Gaede, F. & Thornhill. K. (2022). Teaching copyright through pop culture for public scholarship-based instruction. In. Johnson, M. E., Weeks, T.C., & Davis, J.P. Integrating popular culture into the academic library (pp. 181-280).  Roman & Littlefield. Via Thomas Jefferson University Libraries

Influenza Vaccination Month: Videos, eBooks, and Graphic Medicine Resources

In December, public health organizations unite to promote flu vaccines and discuss the severe complications of the flu. The “triple threat” of the flu, COVID-19, and RSV is spreading across the U.S., and as we gather with family, attend holiday events, and travel, it’s more important than ever to ensure we’re protecting ourselves and others. The best way to do that is with vaccines.

Check out the six resources below on influenza research, the public narrative around pandemics, and how to improve vaccines in children with comorbidities.

eBooks

Jonas Salk: A Life

Influenza: A Century of Research

Pandemics, Publics, and Narrative

Video

Improving Influenza Vaccination in Children with Comorbidities: A Systematic Review

Stacks

Influenza: The Hundred-year Hunt to Cure the Deadliest Disease in History

Graphic Medicine

World of Viruses

25 eBook additions this December: Qualitative Research, Robotic Surgery, Curriculum Development in Medical Education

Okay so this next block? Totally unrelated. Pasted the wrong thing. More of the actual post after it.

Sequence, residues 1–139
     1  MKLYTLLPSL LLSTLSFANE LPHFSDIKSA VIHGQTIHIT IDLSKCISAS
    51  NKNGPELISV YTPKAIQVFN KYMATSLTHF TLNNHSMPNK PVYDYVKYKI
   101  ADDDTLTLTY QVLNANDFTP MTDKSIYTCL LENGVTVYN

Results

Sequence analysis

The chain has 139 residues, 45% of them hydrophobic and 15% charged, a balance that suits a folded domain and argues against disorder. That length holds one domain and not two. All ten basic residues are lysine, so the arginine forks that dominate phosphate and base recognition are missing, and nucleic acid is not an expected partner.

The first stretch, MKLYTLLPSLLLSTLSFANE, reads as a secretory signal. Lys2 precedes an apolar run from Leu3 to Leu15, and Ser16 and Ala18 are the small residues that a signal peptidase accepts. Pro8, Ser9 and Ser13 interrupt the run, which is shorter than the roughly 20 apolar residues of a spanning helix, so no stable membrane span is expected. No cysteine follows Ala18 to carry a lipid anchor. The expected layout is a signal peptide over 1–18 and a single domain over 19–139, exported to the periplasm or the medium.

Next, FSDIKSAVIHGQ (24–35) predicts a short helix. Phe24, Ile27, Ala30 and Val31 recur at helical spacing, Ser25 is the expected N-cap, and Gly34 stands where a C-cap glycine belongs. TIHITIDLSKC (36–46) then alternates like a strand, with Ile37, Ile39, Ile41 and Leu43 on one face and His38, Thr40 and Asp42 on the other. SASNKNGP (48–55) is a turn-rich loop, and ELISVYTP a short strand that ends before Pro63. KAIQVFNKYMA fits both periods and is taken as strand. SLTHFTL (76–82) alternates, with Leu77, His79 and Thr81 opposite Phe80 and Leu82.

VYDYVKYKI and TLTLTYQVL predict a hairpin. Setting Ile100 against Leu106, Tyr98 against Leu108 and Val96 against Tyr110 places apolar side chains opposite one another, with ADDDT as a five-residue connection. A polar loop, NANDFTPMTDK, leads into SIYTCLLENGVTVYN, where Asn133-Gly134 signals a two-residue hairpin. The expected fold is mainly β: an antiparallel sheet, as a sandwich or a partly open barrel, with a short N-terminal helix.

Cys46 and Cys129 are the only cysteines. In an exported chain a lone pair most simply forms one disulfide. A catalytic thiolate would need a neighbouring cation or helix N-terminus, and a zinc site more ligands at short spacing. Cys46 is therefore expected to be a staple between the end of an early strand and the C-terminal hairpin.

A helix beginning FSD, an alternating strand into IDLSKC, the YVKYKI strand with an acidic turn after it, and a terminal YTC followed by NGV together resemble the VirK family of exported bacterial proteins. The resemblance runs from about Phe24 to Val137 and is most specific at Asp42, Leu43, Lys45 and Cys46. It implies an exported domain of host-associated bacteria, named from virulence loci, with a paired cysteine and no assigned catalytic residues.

December’s eBook additions cover robotic general surgery, cognitive behavior therapy, curriculum development for medical education, and the relationship between culture and health. Check out the new eBooks below and browse our complete eBook collection here (Center City/Scott) and here (East Falls/Gutman).

3 Minute Musculoskeletal and Peripheral Nerve Exam

Advanced Robotic Spine Surgery: A Case-based Approach

Atlas of Robotic General Surgery

Benirschke’s Pathology of the Human Placenta

Chassin’s Operative Strategy in General Surgery: An Expositive Atlas

Clinical Handbook of Psychological Disorders: A Step-by-Step Treatment Manual

Clinical Simulation for Health Care Professionals

Cognitive Behavior Therapy: Basics and Beyond

Collaborative Qualitative Research

Curriculum Development for Medical Education: A Six-Step Approach

Essential Neuropsychology: A Concise Handbook for Adult Practitioners

 Essentials of Health, Culture, and Diversity: Understanding People, Reducing Disparities

Ethical Case Studies for Advanced Practice Nurses: Solving Dilemmas in Everyday Practice

Evidence-Based Education in the Classroom: Examples from Clinical Disciplines

Fast Facts About Diversity, Equity, and Inclusion in Nursing: Building Competencies for an Antiracism Practice